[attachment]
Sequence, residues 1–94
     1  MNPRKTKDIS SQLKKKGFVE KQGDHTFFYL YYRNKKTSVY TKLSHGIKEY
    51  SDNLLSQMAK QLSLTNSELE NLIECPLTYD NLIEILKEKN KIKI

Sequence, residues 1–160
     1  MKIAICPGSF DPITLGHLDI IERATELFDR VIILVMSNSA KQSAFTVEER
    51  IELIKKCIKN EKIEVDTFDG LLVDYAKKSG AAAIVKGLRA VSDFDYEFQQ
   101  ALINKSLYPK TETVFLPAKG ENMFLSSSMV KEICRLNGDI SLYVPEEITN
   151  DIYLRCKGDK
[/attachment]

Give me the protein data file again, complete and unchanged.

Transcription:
Sequence, residues 1–94
     1  MNPRKTKDIS SQLKKKGFVE KQGDHTFFYL YYRNKKTSVY TKLSHGIKEY
    51  SDNLLSQMAK QLSLTNSELE NLIECPLTYD NLIEILKEKN KIKI

Sequence, residues 1–160
     1  MKIAICPGSF DPITLGHLDI IERATELFDR VIILVMSNSA KQSAFTVEER
    51  IELIKKCIKN EKIEVDTFDG LLVDYAKKSG AAAIVKGLRA VSDFDYEFQQ
   101  ALINKSLYPK TETVFLPAKG ENMFLSSSMV KEICRLNGDI SLYVPEEITN
   151  DIYLRCKGDK